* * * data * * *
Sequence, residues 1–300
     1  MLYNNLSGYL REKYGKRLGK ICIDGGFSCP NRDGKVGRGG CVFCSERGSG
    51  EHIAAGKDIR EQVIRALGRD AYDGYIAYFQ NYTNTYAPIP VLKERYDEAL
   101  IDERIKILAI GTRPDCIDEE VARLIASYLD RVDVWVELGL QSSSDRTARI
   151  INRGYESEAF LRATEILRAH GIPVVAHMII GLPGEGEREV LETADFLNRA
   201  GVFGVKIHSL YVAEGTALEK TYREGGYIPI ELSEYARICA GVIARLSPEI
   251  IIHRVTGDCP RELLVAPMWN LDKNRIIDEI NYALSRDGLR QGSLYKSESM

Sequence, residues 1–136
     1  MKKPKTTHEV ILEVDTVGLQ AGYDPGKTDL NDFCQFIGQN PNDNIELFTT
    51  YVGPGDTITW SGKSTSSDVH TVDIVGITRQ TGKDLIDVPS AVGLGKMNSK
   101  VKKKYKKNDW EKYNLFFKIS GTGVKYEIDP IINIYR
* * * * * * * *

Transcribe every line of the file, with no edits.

Sequence, residues 1–300
     1  MLYNNLSGYL REKYGKRLGK ICIDGGFSCP NRDGKVGRGG CVFCSERGSG
    51  EHIAAGKDIR EQVIRALGRD AYDGYIAYFQ NYTNTYAPIP VLKERYDEAL
   101  IDERIKILAI GTRPDCIDEE VARLIASYLD RVDVWVELGL QSSSDRTARI
   151  INRGYESEAF LRATEILRAH GIPVVAHMII GLPGEGEREV LETADFLNRA
   201  GVFGVKIHSL YVAEGTALEK TYREGGYIPI ELSEYARICA GVIARLSPEI
   251  IIHRVTGDCP RELLVAPMWN LDKNRIIDEI NYALSRDGLR QGSLYKSESM

Sequence, residues 1–136
     1  MKKPKTTHEV ILEVDTVGLQ AGYDPGKTDL NDFCQFIGQN PNDNIELFTT
    51  YVGPGDTITW SGKSTSSDVH TVDIVGITRQ TGKDLIDVPS AVGLGKMNSK
   101  VKKKYKKNDW EKYNLFFKIS GTGVKYEIDP IINIYR